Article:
Heart to Heart Advice to My Fellow Fire Chiefs


Chief Sam DiGiovanna

Photo Courtesy of Landon Jensen

You’re a chief officer now, congratulations! You’re at the top of your organization’s ladder, so it’s easy street now, right? Wrong!

Chances are you got the position because you worked harder than others, advanced your career with schooling and specialized fire-related training while off-duty. You took on and worked extra projects and assignments away from your family and personal life. In your early stages as a firefighter, you were proudly known as the one who was “first in and last out” during fires and incidents.

You eat, breathe, sleep the fire service — a truly dedicated individual, all good for you and those you serve, right? Wrong again!

Fire service personnel have a higher risk of heart disease compared to nonfirefighters. As a chief officer, you’re at an even higher risk than the others not only because of the above, but also due to the stress as a fire chief. No one knows what I’m talking about here unless you’ve been there, done that.

City managers, council and board members, labor and community groups all chomping at you at one time or another. It’s like a 24/7 cycle. One week one group loves you, the next week they hate you. And the cycle rotates continuously.

You’re that “at will” employee on the chopping block at any given moment who wants to do right with the members of your organization and the community you serve — only to go home at night (while always on call) wondering who is upset at you now.

How many times do you check your email when you’re off-duty or on vacation? Have you ever snapped at your wife or family members because you were on edge about work?

When you’ve been at dinner, a show or a concert, how many times did you check your phone to see if a member of your command staff or city manager was trying to contact you? What percentage of the time were you actually “present” at an event, or what was the amount of time you were actually subconsciously thinking about work?

Cardiovascular disease is the cause of 45 percent of the line-of-duty deaths among firefighters. Throw in the added stress of being a chief, and you just increase your chances of heart disease.

“Hey, wait a minute, Chief Sam. I work out, eat right and maintain my stress levels. I got this, right?” Chances are, wrong again. Heart disease is the “silent killer,” and just staying fit is not protection enough. Many fire service personnel I know lead healthy lifestyles; however, prior to diagnosis they had no clue they had heart disease — including myself.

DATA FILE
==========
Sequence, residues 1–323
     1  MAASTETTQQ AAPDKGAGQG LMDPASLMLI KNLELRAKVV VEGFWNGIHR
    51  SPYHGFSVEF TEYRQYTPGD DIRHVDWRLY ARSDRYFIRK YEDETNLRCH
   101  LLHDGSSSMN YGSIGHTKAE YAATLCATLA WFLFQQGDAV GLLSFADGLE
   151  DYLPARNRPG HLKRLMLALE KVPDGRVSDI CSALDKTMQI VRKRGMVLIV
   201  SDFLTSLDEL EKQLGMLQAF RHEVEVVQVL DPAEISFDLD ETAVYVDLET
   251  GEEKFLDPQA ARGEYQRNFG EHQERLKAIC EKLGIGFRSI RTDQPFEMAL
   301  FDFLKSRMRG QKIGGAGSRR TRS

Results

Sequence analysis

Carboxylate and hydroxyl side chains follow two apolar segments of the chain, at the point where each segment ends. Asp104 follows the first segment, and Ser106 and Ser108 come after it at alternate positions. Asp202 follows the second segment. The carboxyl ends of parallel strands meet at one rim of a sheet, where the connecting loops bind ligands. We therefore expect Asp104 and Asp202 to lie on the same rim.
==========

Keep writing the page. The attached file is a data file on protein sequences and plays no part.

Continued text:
February is Heart Awareness Month. As chiefs, together, we can prevent cardiovascular disease (CVD) one step at a time. Together with your loved ones and others in your organization, make it a policy to:

  • Get a check-up with your doctor and repeat it yearly. Make sure your doctor knows you’re a fire chief, and discuss the exposure you have and the risks such exposure brings. Be prepared with your family’s history of heart problems. Ask whether you should have a stress test or other forms of monitoring. Remember: Physicians are often pressed for time and used to seeing sick individuals. If you’re healthy, you may need to push a little and ask lots of questions to ensure you’re getting thorough care.
  • Wear your PPE. Tests repeatedly show high levels of carcinogens in fire buildings long after knockdown. Follow your department’s policies for atmospheric monitoring and stay on air until the all-clear is given, even during overhaul and other situations that appear harmless.
  • Practice decon. Following a fire, thoroughly clean your PPE and yourself. Decon should start on the fireground — using water to clean PPE and baby wipes to clean your skin — and continue in the station. Take a hot shower following any working fire, and thoroughly clean and inspect your PPE.
  • Monitor your blood pressure. High blood pressure often has no symptoms — that’s why it’s called the silent killer. Be sure to have it checked on a regular basis. We have the equipment on the rigs to do so, use it!
  • Get your cholesterol checked and eat a healthy diet. Cooking healthy meals and choosing nutritious snack options can help you avoid CVD and its complications.
  • Maintain a healthy weight. We have the time — exercise while on duty. Being overweight or obese can increase your risk for CVD. Physical activity can help you maintain a healthy weight and lower cholesterol and blood pressure.
  • Don’t smoke or use tobacco. Cigarette smoking greatly increases your risk for CVD. Though smoking is becoming more taboo in many places of the country, I’ve noticed an increase in firefighters who “chew.” This is equally if not more harmful than cigarettes.
  • Limit alcohol use. Avoid drinking too much alcohol, which can increase your blood pressure.
  • Manage your diabetes. If you have diabetes, monitor your blood sugar levels closely. Take your medicine. If you’re taking medication to treat high blood pressure, high cholesterol, diabetes or another condition, follow the instructions carefully.

Check out this CDC page for additional tips that can inspire you throughout February and all year long: http://www.cdc.gov/niosh/docs/2007-133/

Be Heart Smart!

About Chief Sam DiGiovanna

Sam DiGiovanna is a 33-year fire service veteran. He started with the Los Angeles County Fire Department, served as fire chief at the Monrovia Fire Department and currently serves as chief at the Verdugo Fire Academy in Glendale, Calif.